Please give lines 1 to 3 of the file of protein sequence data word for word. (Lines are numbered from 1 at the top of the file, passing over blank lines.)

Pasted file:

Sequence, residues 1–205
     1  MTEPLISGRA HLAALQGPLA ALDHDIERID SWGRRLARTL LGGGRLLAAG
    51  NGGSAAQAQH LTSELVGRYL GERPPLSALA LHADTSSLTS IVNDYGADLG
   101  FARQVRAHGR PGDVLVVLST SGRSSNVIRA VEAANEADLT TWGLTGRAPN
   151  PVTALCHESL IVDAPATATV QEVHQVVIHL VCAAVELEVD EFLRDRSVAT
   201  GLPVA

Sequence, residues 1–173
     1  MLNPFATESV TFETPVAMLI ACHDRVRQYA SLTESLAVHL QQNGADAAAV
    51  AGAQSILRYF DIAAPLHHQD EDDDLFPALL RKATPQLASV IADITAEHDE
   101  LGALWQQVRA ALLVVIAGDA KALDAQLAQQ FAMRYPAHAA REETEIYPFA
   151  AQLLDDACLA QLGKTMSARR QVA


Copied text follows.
Sequence, residues 1–205
     1  MTEPLISGRA HLAALQGPLA ALDHDIERID SWGRRLARTL LGGGRLLAAG
    51  NGGSAAQAQH LTSELVGRYL GERPPLSALA LHADTSSLTS IVNDYGADLG